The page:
THEY are the stunning animals that roam the Hampshire countryside, but now amorous deer are putting the lives of road users in the New Forest at risk.
Safety campaigners have issued a warning to drivers in the National Park as the annual rutting season gets underway. It is at this time of the year that frisky deer pose the greatest threat to road users, especially during dawn and dusk, say safety experts.
More than 2,000 deer, including fallow, roe, sika and red deer, are thought to roam the forest. Nationally they are estimated to cause more than £50m of damage to vehicles, in 74,000 accidents, resulting in up to 700 human injuries and 20 fatalities.
During the rut, or mating season, deer become very active and are often on the move during key commuting hours, a point that Highways England and the Deer Initiative have taken note of. The season typically lasts between October and December, the time of year when the evenings start to draw in and visibility can be poor.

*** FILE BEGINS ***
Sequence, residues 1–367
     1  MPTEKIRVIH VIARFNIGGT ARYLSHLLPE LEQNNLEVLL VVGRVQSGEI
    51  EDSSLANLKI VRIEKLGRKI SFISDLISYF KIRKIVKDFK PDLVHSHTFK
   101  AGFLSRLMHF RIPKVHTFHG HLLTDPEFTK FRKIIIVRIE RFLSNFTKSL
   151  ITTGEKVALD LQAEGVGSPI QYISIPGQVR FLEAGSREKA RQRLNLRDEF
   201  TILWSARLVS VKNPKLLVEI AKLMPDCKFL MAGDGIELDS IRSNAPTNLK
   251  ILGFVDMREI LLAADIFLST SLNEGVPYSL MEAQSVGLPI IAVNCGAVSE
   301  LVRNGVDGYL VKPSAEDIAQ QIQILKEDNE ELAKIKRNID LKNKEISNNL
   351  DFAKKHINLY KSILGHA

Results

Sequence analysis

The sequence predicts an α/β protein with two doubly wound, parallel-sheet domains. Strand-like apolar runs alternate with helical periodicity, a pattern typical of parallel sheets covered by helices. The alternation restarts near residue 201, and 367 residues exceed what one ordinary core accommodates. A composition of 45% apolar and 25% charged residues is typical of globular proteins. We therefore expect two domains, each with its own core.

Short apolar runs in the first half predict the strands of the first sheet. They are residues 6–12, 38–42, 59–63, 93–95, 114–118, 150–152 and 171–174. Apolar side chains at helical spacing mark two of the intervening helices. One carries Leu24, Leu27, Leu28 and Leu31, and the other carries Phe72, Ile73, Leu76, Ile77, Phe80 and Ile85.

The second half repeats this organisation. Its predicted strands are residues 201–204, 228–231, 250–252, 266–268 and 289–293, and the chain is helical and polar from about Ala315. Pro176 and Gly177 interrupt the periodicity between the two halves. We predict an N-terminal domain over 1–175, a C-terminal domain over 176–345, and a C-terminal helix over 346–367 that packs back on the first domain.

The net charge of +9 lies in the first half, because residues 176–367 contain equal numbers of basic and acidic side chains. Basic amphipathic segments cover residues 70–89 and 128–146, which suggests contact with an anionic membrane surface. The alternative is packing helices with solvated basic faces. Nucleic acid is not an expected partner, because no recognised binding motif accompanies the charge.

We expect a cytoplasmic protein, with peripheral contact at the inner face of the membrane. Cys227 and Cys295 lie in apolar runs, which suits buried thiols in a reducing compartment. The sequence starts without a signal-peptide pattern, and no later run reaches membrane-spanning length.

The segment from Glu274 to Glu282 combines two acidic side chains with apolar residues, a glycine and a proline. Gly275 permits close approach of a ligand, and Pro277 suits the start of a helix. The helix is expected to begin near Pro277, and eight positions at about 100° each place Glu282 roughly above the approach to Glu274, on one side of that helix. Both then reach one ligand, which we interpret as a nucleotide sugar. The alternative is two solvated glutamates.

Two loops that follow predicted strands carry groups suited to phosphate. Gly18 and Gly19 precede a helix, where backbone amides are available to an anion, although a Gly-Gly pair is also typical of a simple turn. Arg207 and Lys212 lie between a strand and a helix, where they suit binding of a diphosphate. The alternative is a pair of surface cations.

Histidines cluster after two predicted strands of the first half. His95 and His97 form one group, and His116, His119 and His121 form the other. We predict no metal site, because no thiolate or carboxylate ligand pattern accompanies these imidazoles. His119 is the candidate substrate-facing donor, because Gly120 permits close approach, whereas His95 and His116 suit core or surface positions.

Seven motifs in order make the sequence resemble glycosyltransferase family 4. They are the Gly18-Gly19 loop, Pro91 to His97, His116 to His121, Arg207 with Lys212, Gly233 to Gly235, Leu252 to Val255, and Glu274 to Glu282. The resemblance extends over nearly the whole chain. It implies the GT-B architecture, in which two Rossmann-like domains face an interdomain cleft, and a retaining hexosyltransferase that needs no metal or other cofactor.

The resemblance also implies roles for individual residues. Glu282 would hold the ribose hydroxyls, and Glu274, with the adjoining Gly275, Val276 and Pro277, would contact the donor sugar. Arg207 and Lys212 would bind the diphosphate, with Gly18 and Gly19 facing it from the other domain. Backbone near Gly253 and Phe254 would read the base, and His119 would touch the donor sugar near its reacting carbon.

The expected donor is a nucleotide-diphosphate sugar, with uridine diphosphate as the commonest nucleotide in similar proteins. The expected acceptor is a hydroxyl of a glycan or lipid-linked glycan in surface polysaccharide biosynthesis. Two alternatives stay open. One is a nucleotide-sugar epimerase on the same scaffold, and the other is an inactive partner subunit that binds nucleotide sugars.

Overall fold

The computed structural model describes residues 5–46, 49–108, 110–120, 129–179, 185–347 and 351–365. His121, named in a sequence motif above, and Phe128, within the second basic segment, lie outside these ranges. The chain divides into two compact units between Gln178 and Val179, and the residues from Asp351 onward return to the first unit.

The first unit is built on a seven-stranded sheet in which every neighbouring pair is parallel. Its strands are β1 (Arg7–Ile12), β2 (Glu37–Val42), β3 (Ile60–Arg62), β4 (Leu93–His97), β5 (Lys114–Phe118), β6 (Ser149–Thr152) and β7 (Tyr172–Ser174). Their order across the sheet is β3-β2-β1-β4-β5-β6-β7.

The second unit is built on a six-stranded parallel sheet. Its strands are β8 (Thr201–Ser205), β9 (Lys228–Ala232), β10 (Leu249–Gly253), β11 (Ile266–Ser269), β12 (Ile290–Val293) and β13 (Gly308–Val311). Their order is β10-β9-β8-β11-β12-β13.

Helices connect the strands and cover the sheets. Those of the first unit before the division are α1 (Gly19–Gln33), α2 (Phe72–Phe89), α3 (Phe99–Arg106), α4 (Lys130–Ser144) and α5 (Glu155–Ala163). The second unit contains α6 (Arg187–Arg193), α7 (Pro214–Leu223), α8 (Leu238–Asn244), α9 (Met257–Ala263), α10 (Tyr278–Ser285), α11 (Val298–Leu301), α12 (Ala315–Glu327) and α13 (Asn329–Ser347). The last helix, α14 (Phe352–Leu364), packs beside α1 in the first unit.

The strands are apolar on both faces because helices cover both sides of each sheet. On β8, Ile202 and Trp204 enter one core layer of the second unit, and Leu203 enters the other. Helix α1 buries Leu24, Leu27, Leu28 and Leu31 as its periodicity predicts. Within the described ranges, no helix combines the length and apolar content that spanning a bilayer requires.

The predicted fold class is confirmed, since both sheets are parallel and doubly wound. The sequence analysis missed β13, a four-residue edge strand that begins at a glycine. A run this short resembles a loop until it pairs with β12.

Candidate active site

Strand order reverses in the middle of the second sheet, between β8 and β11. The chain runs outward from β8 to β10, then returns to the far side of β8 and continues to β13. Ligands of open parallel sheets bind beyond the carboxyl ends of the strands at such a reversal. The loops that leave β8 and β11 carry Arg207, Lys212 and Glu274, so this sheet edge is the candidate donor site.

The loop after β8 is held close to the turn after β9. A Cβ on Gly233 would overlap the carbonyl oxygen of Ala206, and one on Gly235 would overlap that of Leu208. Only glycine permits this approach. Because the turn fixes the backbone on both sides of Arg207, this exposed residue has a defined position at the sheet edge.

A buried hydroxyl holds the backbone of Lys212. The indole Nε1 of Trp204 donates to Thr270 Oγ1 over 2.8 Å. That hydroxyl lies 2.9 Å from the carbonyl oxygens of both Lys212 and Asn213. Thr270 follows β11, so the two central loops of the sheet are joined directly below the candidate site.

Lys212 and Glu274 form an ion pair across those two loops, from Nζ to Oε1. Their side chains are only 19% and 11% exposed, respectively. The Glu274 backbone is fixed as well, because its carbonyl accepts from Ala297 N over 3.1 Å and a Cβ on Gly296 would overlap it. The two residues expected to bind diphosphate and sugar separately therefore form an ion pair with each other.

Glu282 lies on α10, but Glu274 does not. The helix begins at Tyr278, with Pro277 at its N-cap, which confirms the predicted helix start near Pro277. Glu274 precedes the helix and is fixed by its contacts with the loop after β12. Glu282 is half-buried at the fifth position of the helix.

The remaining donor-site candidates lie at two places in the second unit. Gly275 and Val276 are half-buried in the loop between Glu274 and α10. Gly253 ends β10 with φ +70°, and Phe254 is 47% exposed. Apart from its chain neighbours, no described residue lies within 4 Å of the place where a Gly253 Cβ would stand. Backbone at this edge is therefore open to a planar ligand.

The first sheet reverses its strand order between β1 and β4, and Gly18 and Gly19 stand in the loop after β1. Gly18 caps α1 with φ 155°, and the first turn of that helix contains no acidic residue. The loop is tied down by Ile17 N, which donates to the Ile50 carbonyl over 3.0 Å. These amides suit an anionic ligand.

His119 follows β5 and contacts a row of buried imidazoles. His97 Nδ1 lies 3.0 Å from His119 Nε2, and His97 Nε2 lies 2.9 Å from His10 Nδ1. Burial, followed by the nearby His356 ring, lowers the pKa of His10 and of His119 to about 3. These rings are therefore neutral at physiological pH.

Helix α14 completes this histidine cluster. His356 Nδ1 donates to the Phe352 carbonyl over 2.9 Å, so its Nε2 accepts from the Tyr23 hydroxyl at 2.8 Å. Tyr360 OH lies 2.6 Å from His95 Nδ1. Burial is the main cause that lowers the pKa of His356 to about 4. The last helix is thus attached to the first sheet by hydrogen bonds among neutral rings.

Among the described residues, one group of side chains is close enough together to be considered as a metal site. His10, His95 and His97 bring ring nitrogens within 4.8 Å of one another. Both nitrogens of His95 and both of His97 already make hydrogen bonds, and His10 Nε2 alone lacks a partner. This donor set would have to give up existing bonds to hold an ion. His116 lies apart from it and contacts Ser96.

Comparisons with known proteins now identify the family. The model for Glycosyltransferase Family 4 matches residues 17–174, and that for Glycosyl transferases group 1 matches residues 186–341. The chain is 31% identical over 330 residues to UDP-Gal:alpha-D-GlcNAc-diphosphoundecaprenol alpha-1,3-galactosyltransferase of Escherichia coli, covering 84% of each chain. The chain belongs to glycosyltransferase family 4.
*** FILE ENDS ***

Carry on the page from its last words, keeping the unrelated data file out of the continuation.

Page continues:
Senior principal adviser at Highways England, Tony Sangwine said: “Our top priority is safety – that is why we’re working with the Deer Initiative to warn motorists about these risks. Deer are highly active at this time of year so they can suddenly appear on the roads.”
Advice given includes dipping headlights to avoid deer ‘freezing’ in the road and to be ready for more deer to follow if one appears. If you come across an injured deer which has been in a collision, you are also advised not to approach it as they can be dangerous.
Drivers involved in an accident with a deer or another New Forest animal can contact the police, the Forestry Commission’s 24-hour line on 0300 067 4600 or the verderers during office hours on 023 8028 2052.
Courtesy Southern Daily Echo